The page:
10.4185/RLCS-2016-1102en | ISSN 1138 - 5820 | RLCS # 71 | 2016 | |
Preferences of university students on the choice of internet service provider
José Manuel Ramírez Hurtado [CV] [ORCID ] [GS ] Universidad Pablo de Olavide / Pablo de Olavide University, Seville (Spain) email@example.com
Translation by Cruz Alberto Martínez-Arcos
Without a doubt, the expansion of the Internet is a driving force of economic growth in many countries, which contributes, on the one hand, to the development of the cultural and creative industries and, on the other, to the digitalisation of the business and institutional sectors (González and García, 2012). The digital divide between different markets and territories is closely related to the social, political, and even cognitive inequalities that derive from this technology, which can lead to the fragmentation of social and cultural forms.
Today, the Internet has become an essential tool of communication and work, both in domestic and business environments. Currently, it is very difficult to conceive every-day life without the Internet. People use this tool primarily to obtain information, to carry out electronic commercial and banking transactions and to interact with other people, among many other things. Without a doubt, the Internet has also become a fundamental tool in the learning processes of many young people (Boza and Conde, 2015). Moreover, in recent years the Internet has prompted new forms of social interaction through various platforms of virtual relationship (Cáceres et al., 2013). Within this context, choosing an Internet Service Provider (ISP) is important, since the features of the service differs from company to company.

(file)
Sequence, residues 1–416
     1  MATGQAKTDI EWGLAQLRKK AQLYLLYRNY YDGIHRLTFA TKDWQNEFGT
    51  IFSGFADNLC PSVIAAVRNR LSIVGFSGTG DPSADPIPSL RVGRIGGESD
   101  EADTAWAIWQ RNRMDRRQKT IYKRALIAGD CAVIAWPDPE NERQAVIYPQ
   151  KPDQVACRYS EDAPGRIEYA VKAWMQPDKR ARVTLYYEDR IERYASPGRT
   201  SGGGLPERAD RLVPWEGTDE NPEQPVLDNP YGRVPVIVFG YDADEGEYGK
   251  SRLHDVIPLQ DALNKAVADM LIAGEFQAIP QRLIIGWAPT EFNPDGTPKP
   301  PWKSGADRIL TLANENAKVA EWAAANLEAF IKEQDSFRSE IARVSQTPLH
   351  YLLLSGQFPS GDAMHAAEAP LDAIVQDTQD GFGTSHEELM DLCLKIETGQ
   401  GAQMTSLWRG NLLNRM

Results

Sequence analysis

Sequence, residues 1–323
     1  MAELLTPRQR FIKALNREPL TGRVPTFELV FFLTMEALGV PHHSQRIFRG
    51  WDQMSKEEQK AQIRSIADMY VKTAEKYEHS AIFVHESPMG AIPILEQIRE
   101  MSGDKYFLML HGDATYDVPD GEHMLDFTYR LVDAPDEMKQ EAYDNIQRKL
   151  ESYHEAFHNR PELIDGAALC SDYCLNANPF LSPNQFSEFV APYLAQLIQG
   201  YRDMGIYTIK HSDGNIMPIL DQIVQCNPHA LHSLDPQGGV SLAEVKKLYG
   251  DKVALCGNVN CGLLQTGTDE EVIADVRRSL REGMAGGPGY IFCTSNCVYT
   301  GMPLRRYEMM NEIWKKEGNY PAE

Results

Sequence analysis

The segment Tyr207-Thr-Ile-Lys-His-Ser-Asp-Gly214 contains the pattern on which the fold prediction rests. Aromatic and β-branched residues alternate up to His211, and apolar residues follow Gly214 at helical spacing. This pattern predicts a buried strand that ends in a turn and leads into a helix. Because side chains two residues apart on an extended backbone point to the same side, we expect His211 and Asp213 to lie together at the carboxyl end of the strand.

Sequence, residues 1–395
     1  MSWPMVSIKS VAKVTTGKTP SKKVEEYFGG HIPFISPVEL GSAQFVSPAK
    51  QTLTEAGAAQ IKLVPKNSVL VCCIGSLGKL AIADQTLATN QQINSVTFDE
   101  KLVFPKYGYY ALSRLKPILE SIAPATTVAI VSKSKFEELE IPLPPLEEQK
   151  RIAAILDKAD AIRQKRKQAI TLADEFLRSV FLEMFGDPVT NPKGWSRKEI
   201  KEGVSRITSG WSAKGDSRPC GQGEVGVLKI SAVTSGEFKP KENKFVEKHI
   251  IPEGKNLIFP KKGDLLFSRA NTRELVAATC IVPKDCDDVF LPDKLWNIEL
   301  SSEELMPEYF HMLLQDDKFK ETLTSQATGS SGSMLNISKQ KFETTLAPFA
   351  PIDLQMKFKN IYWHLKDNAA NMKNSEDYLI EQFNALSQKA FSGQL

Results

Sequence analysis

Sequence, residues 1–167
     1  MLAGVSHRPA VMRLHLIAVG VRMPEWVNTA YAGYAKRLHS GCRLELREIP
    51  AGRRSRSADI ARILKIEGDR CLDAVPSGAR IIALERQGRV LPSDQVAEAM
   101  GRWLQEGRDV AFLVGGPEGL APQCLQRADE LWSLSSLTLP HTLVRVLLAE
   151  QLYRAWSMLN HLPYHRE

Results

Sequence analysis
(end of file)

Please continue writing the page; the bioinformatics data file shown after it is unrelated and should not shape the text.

ISP companies and organisations began to emerge in the late 1980s and early 1990s to offer access to Internet and related services. ISP connect Internet users through networks. Often, ISP are companies that provide telecommunications services, including communications data and telephone connections. Most telephone companies are now also Internet service providers.